New England's Newest Hall of Famers

Seabiscuit, four others, to become members of the New England Hall of Fame.

(Edited release)

The New England Turf Writers Association has elected its Hall of Fame class of 2009, which will be honored along with the 2008 NETWA award winners July 16 at the Danversport Yacht Club in Danvers, Mass.
The class consists of champion Seabiscuit, jockey Chris McCarron, trainer Edward “Ned” Allard, owner and breeder Gilbert Campbell, and reporter and handicapper Dave Wilson. The Hall of Fame was founded in 2005.

Seabiscuit was a regular on the New England racing circuit prior to becoming a national icon, having competed at Suffolk Downs and several other New England tracks. He made 22 total starts in New England, including 14 as a 2-year-old. Seabiscuit returned to New England in 1937 to win the Massachusetts Handicap with jockey Red Pollard. 

McCarron retired in 2002 as one of the most decorated jockeys in history. His career purse earnings of over $264,000,000 were at the time the most ever posted by a rider, and he is one of just seven jockeys to have won more than 7,000 races. McCarron, who grew up in Dorchester, Mass., earned  Eclipse Awards as top apprentice jockey in 1974 and as a journeyman in 1980. He won the MassCap, Kentucky Derby (gr. I), Preakness (gr. I) ,and Belmont Stakes (gr. I) each on two occasions, and captured five runnings of the Breeders’ Cup Classic (gr. I).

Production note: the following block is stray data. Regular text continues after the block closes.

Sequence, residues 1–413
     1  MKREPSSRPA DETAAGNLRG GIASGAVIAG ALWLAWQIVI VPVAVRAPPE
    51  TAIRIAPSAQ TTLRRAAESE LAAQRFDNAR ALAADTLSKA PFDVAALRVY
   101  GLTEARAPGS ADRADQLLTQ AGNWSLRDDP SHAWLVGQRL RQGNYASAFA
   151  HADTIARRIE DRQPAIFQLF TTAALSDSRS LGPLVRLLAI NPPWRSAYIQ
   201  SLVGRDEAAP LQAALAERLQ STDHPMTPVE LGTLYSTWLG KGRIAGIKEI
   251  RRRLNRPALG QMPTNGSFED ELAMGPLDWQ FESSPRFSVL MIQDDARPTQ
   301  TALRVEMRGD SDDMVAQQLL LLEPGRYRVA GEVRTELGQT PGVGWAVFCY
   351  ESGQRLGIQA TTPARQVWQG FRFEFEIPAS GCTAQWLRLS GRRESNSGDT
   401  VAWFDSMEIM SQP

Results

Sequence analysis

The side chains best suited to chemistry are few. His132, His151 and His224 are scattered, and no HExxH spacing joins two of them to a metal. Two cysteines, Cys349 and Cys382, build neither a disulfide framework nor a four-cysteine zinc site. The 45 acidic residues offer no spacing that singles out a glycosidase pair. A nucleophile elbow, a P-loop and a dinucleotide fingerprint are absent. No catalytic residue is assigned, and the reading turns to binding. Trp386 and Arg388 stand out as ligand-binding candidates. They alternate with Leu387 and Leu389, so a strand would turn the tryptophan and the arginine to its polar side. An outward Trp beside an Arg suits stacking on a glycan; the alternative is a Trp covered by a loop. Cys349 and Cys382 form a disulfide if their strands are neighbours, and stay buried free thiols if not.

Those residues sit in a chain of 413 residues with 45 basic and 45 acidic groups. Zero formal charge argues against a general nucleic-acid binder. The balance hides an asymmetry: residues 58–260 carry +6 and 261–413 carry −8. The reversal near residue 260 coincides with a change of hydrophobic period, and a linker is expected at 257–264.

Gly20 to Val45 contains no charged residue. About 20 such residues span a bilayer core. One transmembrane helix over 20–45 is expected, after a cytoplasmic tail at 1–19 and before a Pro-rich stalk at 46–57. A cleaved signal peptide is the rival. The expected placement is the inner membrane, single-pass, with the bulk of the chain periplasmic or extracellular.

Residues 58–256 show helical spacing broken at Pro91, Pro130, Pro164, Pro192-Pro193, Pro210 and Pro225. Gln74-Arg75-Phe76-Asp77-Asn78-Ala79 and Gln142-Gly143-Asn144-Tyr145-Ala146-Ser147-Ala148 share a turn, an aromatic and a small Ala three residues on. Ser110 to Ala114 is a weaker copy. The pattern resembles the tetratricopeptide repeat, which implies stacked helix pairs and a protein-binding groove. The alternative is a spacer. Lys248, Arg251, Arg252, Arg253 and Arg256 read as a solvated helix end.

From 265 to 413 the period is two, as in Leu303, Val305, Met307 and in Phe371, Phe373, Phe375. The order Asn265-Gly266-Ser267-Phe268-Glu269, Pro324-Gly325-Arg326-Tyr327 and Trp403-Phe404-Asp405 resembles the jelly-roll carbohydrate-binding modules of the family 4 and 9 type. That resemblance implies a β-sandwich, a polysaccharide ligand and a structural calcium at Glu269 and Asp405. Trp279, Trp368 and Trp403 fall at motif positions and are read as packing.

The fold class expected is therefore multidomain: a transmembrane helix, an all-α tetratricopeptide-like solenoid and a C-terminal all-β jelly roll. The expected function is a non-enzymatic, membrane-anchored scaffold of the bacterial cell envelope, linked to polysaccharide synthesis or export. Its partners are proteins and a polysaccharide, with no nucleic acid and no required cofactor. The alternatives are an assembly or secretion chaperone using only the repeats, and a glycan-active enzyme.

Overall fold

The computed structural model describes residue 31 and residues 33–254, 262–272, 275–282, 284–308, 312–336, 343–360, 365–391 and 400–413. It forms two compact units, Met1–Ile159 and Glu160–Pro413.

Allard began his training career in 1970 at Lincoln Downs and became one of the leading trainers in New England for the next two decades.  Allard gained national attention in 1985, conditioning Eclipse Award-winning filly Mom’s Command for New England Racing Hall of Famer Peter Fuller. Since moving out of the region, Allard has continued to support New England racing, shipping his horses in on a regular basis.  Over the course of his career, Allard has amassed approximately 2,600 wins, including 175 stakes, nearly half of which were at New England tracks.

Campbell, a prominent local real estate developer, bought an interest in his first horse, Shananie, whom he co-owned with Fuller. Shananie went on to become a stakes winner on both coasts, but enjoyed a lot of his early success at Suffolk Downs. Campbell also campaigned local stakes winners Von Groovey, Demetroula, and Unreal Madness, among others. Campbell remains a supporter of New England racing and has a string of horses with Allard.

The late Wilson was known as "The King" for good reason. For four decades as handicapper and reporter for the Boston Record American, he was the man the vast majority of horse players relied on to pick a winner for them and keep them updated on all the racing news. It could be said that Wilson sold more newspapers than any reporter the paper ever had. People would wait at the newsstands for the Record American “Green Sheet” to come out at 11:00 p.m. just to see which horses The King would pick in the next day's races.